I had a lot of fun composing the scenes and telling a story with the different props. Though I noticed that I was defaulting to a lot of my usual compositions.
Emily gave a useful tip on thinking about composition as ‘leading the eye into the frame, then out of the frame’. With this in mind I experimented with other layouts and resulted in one of my favourite images from the weekend [image].
After a delicious (and I mean, DELICIOUS) lunch, we moved onto shooting fresh produce. Ingredient shots are something I lack in my portfolio so I knew I needed to get the most I could out of this session.
The first set up included beautiful produce from Natoora – fresh green peas in their pods, pink borlotti beans and cavlo nero. With produce this stunning naturally it was hard to go wrong, right? Sure…
Emily and Issy noted quite accurately that ingredients was something students often struggled with and I can understand why. The irregular shapes of produce is trickier than the round bowls and plates, so composition-wise they are trickier.
I wanted to play with the beautiful greens and pink of the vegetables. Pink and green being contrasting colours lent beautifully to having all the produce together. I also wanted to try a monochromatic colour palette with the pink borlotti beans. I couldn’t help it, I love pink! And these borlotti beans were just something else!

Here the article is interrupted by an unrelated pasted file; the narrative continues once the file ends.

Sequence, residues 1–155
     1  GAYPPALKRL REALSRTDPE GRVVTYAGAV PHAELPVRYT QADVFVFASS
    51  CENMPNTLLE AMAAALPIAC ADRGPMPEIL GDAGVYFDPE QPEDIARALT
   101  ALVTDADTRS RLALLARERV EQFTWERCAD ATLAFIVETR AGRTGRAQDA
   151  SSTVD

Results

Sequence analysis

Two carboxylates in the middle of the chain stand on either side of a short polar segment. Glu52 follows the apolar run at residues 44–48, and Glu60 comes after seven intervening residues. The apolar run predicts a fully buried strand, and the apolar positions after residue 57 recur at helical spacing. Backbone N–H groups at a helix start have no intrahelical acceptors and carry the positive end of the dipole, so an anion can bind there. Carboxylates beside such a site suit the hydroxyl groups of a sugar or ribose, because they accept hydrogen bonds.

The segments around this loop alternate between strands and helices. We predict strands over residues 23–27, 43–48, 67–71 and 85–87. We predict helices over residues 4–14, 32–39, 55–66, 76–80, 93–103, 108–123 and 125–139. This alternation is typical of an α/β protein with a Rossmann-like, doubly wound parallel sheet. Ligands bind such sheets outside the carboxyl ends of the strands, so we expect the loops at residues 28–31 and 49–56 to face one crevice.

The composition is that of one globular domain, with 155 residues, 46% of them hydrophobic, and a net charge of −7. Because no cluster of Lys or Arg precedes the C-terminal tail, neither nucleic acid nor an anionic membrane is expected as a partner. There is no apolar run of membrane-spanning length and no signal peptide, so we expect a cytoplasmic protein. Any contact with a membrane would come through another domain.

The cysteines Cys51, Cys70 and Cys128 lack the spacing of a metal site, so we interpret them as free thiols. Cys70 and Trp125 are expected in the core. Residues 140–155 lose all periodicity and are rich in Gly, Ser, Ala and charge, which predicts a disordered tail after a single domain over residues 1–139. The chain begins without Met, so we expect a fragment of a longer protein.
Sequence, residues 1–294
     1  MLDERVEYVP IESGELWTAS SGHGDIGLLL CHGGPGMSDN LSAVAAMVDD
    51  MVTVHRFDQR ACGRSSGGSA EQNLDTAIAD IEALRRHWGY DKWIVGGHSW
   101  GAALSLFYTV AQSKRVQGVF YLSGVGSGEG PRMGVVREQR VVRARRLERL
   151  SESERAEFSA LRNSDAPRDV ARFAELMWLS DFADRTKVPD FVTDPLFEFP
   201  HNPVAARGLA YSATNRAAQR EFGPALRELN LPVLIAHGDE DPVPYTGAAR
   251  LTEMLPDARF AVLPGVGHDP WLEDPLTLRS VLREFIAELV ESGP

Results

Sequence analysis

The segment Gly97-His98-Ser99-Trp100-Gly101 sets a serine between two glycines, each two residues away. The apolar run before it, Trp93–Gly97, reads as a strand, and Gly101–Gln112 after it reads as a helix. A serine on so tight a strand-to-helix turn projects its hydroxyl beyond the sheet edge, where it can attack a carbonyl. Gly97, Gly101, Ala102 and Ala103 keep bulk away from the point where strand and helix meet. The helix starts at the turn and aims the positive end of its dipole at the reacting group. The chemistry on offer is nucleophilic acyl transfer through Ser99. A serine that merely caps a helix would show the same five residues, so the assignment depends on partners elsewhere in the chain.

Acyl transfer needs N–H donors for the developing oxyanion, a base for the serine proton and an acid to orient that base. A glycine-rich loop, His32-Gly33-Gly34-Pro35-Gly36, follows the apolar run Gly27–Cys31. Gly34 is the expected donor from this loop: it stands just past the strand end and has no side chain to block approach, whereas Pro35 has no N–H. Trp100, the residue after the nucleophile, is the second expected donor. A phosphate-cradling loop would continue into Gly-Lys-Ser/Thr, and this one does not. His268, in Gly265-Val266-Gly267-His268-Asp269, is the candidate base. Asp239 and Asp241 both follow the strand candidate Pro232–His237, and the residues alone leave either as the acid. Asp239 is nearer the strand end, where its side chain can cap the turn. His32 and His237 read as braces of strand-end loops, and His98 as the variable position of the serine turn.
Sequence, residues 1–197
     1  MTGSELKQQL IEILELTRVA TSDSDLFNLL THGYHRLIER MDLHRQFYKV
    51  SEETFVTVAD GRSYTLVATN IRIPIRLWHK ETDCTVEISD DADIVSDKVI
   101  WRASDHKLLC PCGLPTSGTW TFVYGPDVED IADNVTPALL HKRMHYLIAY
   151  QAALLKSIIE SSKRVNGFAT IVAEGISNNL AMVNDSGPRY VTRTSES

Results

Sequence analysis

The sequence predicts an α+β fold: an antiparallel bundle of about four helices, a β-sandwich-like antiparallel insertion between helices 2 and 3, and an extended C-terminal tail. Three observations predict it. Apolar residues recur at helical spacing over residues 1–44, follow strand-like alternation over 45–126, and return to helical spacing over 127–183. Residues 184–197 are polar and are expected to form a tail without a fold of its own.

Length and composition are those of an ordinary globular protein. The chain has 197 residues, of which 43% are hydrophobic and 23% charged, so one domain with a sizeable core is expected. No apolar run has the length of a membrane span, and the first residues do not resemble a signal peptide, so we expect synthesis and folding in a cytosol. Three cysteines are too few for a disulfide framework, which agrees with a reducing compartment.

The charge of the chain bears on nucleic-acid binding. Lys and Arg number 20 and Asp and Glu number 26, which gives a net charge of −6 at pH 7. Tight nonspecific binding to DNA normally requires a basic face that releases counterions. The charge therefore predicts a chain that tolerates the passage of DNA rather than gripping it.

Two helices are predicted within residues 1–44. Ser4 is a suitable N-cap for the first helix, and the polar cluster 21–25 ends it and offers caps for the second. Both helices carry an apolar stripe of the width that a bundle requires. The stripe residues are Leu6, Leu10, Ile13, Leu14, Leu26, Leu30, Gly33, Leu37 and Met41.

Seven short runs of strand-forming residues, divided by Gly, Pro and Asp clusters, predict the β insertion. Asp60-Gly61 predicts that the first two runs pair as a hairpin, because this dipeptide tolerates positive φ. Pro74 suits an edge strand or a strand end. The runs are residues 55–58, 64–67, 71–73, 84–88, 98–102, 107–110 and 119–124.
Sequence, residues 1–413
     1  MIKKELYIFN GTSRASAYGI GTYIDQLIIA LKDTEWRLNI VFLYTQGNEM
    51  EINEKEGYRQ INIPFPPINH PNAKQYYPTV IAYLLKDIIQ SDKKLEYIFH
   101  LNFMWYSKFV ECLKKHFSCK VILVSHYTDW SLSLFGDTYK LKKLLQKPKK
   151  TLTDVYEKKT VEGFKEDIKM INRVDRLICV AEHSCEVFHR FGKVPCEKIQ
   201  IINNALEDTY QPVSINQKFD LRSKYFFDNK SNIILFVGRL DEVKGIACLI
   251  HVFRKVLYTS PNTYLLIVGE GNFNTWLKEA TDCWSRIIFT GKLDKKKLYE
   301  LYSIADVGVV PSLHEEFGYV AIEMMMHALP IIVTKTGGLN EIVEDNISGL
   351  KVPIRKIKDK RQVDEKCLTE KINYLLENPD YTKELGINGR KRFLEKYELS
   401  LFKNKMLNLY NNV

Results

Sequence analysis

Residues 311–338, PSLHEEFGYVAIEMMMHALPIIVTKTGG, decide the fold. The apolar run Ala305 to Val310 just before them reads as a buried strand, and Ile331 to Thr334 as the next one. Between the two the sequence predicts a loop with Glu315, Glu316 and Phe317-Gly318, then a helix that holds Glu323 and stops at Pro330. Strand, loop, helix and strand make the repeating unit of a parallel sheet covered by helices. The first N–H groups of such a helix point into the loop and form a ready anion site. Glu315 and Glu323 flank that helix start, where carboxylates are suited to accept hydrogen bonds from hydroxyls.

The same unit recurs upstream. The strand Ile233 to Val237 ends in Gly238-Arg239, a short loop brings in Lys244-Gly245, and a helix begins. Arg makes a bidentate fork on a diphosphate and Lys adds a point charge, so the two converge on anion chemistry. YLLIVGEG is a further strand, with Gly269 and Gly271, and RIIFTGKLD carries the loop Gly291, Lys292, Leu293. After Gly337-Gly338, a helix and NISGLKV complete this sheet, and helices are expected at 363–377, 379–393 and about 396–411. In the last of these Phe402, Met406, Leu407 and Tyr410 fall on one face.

Girl’s taco night – tablescape demo
Today’s first shoot was veggie tacos with a vast selection fillings and toppings. And when I say vast, I mean vast!
Issy and Emily demonstrated how to style and compose a large tablescape, while regularly checking the tethered screen. They created the scene in the following order:
- Choose and place the backdrop – in this case they used a light pink linen
- Compose the crockery (plates, bowls etc.) but not the cutlery
- Add the ingredients in different plates, bowls, trays
- Style each plate from where that person would eat (i.e. sit at the table setting and style from there)
- Add cutlery
- Pour beverages
- Shoot and adjust where needed
For capturing human interaction, Anishka and I volunteered to be the people in the scene. We were directed to interact with the food the way you would normally at a dinner party. Actually serve yourself, drink, and eat! I have to say it surprised me that these interactions weren’t staged for the camera, but it did make sense to do it this way. It also ensured that everything looked and felt natural on camera.